But I kept turning those pages, because I wanted to find out what happened to Ann Eliza Young, Bringham's 19th wife. Sadly, I was disappointed in that there was no resolution, nor was there any more mention of the son she had left behind but lamented over on several occasions.
The worst part of the book was the last paragraph, where Jordan, Tom, their precocious ward, and even their dogs are sitting on a bed contemplating the future. One man puts his arm around the other, and Jordan imagines his mother where he had left her, and again, I don't want to ruin it for you, but the writing here was particularly cheesey. I could almost here a swell of violins in the background.
on July 31, 2009
In my own little mind I've always conceptualized Mormonism as the love child of the Pope and Ron L. Hubbard. You have these devoutly Christian followers with some pretty Sci-Fi beliefs. Throw in the polygamy factor and I am perversely fascinated. It's no surprise, then, that I was instantly drawn to The 19th Wife.
Here we have dual story lines: The trials and tribulations of Brigham Young's infamous 19th Wife, Ann Eliza, partnered with the trials and tribulations of a 19th wife from a modern day polygamous cult accused of murdering her "husband". For all the research the author did in preparation for this novel (and it is obvious he did his homework) and with all the intrigue that currently surrounds these polygamist sects, the book truly fell short of the glory it could have been.
Whereas the modern-day plot completely captivated me (Warren Jeffs meets Murder She Wrote) the fictitious excerpts from Ann Eliza's book, The 19th Wife, just blatantly dragged. One does get an education about the origins of Mormonism, the exodus of the Mormons to Salt Lake City, and the "philosophy" behind polygamy, but there is so much added fluff that the focus of the whole story gets bogged down. By the time the murderer in the modern day plot was revealed, I was so eager for the book to be over, I didn't even care.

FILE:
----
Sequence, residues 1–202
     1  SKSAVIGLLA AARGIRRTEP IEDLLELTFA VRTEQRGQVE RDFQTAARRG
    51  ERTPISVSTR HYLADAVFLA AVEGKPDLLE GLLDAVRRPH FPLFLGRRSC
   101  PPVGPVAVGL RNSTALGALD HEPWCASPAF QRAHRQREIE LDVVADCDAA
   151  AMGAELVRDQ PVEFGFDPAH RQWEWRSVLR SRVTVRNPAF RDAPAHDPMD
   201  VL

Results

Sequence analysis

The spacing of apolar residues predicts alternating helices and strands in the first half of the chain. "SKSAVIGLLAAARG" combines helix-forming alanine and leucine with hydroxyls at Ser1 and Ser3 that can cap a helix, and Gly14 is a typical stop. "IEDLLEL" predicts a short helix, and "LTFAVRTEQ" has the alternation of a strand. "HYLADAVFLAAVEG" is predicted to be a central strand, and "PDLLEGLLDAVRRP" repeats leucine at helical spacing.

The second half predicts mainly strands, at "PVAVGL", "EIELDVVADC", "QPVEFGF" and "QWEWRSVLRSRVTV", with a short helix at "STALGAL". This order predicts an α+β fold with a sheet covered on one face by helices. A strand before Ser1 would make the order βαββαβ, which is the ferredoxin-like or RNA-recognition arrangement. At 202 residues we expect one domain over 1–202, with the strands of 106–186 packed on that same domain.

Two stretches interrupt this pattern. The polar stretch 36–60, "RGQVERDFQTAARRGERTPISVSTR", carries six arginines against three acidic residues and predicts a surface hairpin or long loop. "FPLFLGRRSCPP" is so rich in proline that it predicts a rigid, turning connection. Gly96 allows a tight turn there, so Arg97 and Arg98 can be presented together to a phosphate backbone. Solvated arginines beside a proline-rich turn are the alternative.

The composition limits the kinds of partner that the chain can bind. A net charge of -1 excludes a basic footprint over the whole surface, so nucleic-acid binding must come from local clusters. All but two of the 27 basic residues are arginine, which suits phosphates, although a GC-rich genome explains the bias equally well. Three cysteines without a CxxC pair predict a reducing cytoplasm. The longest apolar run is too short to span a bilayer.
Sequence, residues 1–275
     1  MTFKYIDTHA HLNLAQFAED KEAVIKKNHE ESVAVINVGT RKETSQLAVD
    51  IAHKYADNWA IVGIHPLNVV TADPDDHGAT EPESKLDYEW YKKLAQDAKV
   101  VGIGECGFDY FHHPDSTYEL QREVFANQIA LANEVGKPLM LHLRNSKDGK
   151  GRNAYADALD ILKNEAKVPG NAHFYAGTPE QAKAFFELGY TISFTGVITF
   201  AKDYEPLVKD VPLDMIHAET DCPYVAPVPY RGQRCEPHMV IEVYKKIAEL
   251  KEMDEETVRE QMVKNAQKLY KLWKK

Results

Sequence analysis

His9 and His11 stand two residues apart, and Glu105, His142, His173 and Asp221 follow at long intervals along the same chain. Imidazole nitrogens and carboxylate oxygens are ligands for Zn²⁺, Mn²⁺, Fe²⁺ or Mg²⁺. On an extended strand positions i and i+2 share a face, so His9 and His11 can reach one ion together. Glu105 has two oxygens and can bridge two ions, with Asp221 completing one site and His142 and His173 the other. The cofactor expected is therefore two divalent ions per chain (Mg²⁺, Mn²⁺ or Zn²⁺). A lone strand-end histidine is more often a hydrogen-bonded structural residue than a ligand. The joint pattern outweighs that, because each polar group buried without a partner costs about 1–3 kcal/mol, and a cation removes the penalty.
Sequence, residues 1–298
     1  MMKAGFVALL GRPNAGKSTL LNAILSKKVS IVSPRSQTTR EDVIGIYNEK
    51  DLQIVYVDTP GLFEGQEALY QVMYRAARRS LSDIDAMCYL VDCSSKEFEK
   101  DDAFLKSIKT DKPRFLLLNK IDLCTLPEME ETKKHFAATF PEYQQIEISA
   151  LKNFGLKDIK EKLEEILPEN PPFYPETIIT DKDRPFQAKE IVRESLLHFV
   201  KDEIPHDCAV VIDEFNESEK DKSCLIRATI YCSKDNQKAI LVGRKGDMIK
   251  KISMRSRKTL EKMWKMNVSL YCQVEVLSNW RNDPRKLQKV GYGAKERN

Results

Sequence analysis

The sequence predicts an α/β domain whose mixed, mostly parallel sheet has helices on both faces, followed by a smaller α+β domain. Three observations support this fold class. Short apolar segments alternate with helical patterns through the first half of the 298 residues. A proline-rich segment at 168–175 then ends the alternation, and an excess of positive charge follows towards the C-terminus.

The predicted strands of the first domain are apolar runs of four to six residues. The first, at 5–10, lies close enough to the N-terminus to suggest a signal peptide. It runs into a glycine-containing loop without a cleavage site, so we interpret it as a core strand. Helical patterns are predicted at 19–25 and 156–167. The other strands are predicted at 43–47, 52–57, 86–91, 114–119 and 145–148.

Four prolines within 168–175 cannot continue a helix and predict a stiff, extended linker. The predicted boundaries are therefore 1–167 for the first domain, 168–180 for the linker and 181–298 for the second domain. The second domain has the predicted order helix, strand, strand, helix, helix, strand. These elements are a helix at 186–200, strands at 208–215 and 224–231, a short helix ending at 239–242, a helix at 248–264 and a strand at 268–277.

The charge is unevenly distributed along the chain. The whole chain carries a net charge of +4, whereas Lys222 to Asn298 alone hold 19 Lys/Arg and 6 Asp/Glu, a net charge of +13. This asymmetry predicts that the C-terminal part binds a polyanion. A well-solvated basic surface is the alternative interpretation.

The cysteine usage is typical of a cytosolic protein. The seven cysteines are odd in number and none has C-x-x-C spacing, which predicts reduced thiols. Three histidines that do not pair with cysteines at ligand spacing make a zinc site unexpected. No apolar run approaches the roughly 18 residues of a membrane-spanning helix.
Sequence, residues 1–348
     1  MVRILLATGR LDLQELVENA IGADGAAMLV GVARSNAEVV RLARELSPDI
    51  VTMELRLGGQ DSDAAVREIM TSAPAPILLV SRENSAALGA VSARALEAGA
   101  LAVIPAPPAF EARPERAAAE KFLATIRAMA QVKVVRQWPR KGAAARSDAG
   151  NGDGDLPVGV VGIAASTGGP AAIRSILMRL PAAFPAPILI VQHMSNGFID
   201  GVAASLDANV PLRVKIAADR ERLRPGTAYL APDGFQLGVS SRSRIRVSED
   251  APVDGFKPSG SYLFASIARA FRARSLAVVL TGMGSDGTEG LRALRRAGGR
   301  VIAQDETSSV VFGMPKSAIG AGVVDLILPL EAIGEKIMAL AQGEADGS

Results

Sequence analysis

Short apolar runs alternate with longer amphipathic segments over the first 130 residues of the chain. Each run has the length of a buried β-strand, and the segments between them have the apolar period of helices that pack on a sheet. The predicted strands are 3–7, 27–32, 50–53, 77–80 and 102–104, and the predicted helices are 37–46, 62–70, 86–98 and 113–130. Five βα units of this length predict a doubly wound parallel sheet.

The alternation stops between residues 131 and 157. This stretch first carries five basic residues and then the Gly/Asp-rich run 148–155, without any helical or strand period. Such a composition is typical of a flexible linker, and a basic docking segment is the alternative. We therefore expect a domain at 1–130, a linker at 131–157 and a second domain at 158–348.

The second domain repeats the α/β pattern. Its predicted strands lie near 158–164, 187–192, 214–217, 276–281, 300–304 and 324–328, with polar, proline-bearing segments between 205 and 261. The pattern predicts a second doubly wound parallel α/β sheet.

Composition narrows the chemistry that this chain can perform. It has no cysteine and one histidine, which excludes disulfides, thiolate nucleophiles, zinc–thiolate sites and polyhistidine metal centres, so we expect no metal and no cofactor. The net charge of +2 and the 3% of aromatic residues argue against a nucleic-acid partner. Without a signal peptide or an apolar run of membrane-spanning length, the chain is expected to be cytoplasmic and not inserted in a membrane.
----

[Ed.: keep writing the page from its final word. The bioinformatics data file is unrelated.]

Overall this was a good book, but it could have been soooo much better.
Jordan Scott's mother has been accused of killing his father. It could be any murder mystery - until we learn that Jordan's mother was his father's 19th wife in a small polygamist cult in Mesadale, Utah. Jordan was kicked out of the cult at the tender age of 14, left alone on the side of a highway for virtually no reason. By the time this novel starts, Jordan has established himself and developed an identity, but that identity isn't strong enough to keep him from trying to save his mother once she convinces him that she didn't do it - despite all the evidence against her. Paralleled with Jordan's story is that of the original Mormon colony, more specifically the background and life of Brigham Young's 19th wife, Ann Eliza. She divorced him and took her story on the national circuit, making strides in the battle to force the early Mormons to renounce polygamy all together. Of course, they didn't complete the job, because Jordan's family is derived from the sect that broke off after the official renunciation.
This story is told through many forms of media - in addition to an ordinary narrative in both storylines, there are also excerpts from newspapers, journals, letters, and even a master's thesis. All of these are fictional, of course, but they add a feeling of authenticity since some of these could have existed in similar ways, and it's certainly not unimaginable that a member of the current LDS church would choose to research Ann Eliza.
Both stories are extremely compelling and I love the way that they related to each other. Ebershoff thought the story through on many levels. I suspect it would be difficult to find a non-fiction work that could better expose the evils of polygamy. In addition, I could relate to all the characters and I loved how Jordan picked up several endearing sidekicks along the way. They added flavor and emotional attachment to the story, fleshing out Jordan's character as we witnessed his relations with them. I was drawn in by Ann Eliza's narrative, too, so it's clear that the author can do a very good job with historical fiction in addition to his mystery storyline. I did, however, feel a bit disappointed by the mystery's ending. It wraps up too quickly and a bit too neatly, in my opinion.
This is a very enjoyable book and I'd recommend it to fans of mystery and historical fiction.